Journal Article

The role of the initial surface density profiles of the disc on giant planet formation: comparing with observations

Y. Miguel, O. M. Guilera and A. Brunini

in Monthly Notices of the Royal Astronomical Society

Published on behalf of The Royal Astronomical Society

Volume 412, issue 4, pages 2113-2124
Published in print April 2011 | ISSN: 0035-8711
Published online April 2011 | e-ISSN: 1365-2966 | DOI:
The role of the initial surface density profiles of the disc on giant planet formation: comparing with observations

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In order to explain the main characteristics of the observed population of extrasolar planets and the giant planets in the Solar system, we need to get a clear understanding of which are the initial conditions that allowed their formation. To this end we develop a semi-analytical model for computing planetary systems formation based on the core instability model for the gas accretion of the embryos and the oligarchic growth regime for the accretion of the solid cores. With this model we explore not only different initial discs profiles motivated by similarity solutions for viscous accretion discs, but also consider different initial conditions to generate a variety of planetary systems assuming a large range of discs masses and sizes according to the last results in protoplanetary discs observations. We form a large population of planetary systems in order to explore the effects in the formation of assuming different discs and also the effects of type I and II regimes of planetary migration, which were found to play fundamental role in reproducing the distribution of observed exoplanets. Our results show that the observed population of exoplanets and the giant planets in the Solar system are well represented when considering a surface density profile with a power law in the inner part characterized by an exponent of −1, which represents a softer profile when compared with the case most similar to the minimum mass solar nebula model case.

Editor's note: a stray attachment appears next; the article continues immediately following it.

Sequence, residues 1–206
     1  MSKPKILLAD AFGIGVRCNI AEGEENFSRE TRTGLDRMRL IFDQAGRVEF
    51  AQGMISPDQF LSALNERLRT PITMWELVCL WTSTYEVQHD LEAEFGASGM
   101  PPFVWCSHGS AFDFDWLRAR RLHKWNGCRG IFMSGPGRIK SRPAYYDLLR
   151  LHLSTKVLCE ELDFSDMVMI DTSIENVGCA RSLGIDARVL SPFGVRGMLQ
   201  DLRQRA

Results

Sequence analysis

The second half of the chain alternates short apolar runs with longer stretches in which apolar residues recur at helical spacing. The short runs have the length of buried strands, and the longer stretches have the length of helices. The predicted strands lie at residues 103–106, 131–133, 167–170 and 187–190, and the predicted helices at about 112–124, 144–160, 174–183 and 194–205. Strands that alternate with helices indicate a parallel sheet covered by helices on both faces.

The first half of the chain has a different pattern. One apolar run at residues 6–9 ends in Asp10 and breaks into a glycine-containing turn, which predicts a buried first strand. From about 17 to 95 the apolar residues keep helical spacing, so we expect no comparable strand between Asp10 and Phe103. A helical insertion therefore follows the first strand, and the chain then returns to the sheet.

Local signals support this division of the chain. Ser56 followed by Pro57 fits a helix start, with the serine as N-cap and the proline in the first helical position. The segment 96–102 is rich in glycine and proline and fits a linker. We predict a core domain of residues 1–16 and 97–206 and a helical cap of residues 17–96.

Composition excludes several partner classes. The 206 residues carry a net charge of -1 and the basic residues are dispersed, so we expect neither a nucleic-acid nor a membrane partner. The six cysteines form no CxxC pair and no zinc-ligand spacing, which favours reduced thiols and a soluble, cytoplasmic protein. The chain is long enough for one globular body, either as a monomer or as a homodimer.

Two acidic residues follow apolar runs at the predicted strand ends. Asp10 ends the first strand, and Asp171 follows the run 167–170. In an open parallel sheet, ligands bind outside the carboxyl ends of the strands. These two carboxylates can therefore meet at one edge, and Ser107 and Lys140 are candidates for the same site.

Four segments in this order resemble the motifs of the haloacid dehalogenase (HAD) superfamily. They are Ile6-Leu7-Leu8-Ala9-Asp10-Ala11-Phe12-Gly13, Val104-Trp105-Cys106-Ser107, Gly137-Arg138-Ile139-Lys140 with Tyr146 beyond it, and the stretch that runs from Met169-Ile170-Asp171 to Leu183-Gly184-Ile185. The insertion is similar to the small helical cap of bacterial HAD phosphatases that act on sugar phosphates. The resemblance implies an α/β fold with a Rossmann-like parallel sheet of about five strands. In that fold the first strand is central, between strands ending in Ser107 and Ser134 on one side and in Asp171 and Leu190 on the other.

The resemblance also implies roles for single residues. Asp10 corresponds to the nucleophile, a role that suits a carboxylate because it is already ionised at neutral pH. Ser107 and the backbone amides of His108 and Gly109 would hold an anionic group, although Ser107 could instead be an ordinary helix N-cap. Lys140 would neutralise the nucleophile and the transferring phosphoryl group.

Keywords: planets and satellites: formation; Solar system: formation

Journal Article.  7986 words.  Illustrated.

Subjects: Astronomy and Astrophysics

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